Bollywood actor and director Aamir Khan and his production house, Aamir Khan Productions Private Limited, have knocked the doors of the Bombay High Court challenging the show cause notice issued to them by the Competition Commission.
The commission had issued the notices to the actor for allegedly forming a cartel of film producers last year and deciding that they would not screen their movies in multiplexes.
The notice was issued under the Competition Act, enacted to prevent practices having adverse effect on competition. The Act was brought into effect to ensure that no one forms cartels that adversely affect consumers.
Last April, some film producers came together and announced that they would not screen their movies in multiplexes since they were not getting a fair deal. The multiplexes wanted 50 per cent of the revenue earned by the movies they screened.
The producers opposed the demand stating that they were the ones who put in the money and the creativity in making the movie and hence were not willing to part with 50 per cent of the revenues.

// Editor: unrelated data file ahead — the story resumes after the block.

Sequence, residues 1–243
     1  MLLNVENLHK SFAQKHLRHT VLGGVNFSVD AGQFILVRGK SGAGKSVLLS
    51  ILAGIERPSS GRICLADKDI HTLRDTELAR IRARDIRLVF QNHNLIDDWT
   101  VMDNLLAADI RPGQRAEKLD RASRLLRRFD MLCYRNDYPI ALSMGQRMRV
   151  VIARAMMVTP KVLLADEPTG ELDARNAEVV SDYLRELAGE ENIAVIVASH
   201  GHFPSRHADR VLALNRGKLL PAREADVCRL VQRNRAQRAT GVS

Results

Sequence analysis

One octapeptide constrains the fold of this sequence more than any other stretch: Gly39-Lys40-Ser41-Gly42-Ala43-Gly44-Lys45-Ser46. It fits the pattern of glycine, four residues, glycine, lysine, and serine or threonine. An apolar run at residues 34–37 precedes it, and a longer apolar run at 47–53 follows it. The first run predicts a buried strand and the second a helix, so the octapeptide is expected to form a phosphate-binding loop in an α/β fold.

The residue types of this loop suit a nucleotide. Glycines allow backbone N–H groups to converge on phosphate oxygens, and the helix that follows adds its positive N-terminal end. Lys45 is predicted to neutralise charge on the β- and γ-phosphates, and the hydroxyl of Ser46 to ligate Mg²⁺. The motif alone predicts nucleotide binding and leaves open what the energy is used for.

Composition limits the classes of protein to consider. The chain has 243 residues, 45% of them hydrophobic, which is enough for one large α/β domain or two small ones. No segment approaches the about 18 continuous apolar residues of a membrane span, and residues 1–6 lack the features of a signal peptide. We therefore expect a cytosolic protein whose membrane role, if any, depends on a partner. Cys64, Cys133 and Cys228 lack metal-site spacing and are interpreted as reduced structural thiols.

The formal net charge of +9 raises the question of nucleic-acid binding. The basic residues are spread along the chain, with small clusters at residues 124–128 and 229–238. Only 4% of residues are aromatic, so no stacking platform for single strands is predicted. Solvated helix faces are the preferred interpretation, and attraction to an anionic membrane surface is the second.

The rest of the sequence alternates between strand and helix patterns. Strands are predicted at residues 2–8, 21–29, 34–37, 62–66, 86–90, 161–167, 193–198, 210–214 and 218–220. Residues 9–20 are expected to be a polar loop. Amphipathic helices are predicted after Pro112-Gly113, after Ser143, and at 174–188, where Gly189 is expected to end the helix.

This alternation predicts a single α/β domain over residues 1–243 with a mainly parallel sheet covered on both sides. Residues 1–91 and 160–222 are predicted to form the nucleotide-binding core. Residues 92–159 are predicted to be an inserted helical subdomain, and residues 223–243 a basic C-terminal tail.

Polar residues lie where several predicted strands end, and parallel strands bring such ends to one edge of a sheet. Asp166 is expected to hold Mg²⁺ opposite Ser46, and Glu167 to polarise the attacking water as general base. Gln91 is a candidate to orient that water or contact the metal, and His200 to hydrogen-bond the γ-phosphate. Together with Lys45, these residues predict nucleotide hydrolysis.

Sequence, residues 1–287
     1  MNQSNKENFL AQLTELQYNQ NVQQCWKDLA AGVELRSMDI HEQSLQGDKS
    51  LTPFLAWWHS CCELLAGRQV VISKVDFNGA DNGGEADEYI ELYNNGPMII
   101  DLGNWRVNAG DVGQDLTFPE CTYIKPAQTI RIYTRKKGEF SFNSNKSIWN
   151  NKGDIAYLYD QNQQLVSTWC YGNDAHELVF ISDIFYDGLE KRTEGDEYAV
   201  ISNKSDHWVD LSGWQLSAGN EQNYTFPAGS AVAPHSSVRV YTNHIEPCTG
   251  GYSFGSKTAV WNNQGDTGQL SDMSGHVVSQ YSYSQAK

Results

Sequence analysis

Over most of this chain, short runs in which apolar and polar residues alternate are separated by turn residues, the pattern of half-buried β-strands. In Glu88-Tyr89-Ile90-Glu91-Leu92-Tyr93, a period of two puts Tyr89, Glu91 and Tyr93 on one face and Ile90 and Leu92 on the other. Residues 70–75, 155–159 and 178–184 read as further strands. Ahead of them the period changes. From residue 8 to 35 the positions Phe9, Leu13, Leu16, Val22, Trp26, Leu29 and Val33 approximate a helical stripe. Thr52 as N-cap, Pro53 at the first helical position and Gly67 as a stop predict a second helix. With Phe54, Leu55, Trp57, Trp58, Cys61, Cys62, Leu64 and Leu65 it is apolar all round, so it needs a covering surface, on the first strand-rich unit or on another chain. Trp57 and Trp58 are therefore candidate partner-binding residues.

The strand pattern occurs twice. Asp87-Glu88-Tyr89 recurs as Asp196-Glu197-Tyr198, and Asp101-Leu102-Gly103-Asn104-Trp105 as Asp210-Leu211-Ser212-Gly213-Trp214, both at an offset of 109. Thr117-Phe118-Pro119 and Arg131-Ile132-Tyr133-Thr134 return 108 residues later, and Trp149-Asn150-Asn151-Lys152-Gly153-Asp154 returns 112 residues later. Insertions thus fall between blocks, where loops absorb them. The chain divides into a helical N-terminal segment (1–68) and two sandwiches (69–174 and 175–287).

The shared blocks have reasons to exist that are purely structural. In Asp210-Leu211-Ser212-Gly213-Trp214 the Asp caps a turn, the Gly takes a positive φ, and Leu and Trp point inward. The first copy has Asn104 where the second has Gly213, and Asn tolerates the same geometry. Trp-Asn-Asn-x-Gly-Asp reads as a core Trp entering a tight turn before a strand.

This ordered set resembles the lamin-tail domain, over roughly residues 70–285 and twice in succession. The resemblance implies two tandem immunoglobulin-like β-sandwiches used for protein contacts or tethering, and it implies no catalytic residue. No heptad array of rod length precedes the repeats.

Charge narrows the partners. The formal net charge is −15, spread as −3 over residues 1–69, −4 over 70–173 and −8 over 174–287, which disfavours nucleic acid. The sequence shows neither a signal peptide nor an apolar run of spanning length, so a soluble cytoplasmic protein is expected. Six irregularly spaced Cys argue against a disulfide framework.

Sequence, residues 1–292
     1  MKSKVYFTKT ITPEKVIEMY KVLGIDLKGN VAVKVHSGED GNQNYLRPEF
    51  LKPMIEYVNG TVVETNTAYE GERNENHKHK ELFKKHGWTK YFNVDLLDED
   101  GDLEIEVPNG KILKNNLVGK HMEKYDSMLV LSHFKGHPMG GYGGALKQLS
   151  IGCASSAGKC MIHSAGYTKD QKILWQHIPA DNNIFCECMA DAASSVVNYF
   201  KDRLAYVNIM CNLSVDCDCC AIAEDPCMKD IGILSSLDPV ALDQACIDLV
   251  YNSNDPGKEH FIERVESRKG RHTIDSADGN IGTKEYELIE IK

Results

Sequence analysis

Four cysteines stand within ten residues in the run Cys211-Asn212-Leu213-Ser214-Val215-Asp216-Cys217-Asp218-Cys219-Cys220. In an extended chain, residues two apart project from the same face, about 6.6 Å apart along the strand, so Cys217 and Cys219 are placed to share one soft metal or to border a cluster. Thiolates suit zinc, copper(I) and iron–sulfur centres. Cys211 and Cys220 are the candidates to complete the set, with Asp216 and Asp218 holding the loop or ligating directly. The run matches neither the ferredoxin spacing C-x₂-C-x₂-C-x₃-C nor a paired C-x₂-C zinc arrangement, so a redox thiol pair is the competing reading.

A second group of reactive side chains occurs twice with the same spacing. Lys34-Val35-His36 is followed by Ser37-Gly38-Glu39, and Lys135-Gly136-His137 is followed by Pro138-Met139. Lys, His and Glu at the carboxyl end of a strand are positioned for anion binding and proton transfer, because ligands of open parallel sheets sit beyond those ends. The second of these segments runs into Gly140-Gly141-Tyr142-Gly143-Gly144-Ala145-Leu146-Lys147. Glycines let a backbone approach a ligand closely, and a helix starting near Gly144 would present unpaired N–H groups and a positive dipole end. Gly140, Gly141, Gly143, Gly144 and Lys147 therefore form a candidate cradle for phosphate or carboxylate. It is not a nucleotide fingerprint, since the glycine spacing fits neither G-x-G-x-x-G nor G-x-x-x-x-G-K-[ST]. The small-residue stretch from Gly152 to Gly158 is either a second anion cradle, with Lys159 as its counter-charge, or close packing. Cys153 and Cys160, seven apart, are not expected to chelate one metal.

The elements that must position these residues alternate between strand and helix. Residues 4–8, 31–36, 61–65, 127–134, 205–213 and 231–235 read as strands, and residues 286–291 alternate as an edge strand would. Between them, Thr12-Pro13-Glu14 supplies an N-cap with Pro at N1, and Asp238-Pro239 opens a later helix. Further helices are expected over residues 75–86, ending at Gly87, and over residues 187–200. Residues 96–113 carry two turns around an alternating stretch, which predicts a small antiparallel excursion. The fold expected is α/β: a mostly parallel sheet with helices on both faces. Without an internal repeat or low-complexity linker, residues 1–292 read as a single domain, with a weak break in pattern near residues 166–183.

After the announcement, the commission conducted a preliminary inquiry. A report was prepared, which concluded that Khan had violated the Competition Act and issued a show cause notice to the actor in December 2009.
Khan opposed the notice stating that he was merely an actor, director and not a producer. The commission then issued a show cause notice to the production house - Aamir Khan Productions Private Limited.
Khan’s counsel Arshad Hidayatullah argued that the commission did not have the jurisdiction to issue show cause notice to the actor. “He does not hold copyrights to his movies. He is merely an actor,” argued Hidayatullah.
Additional solicitor general Darius Khambata argued
that Khan himself had written a letter to the commission. HC will hear the matter on February 26.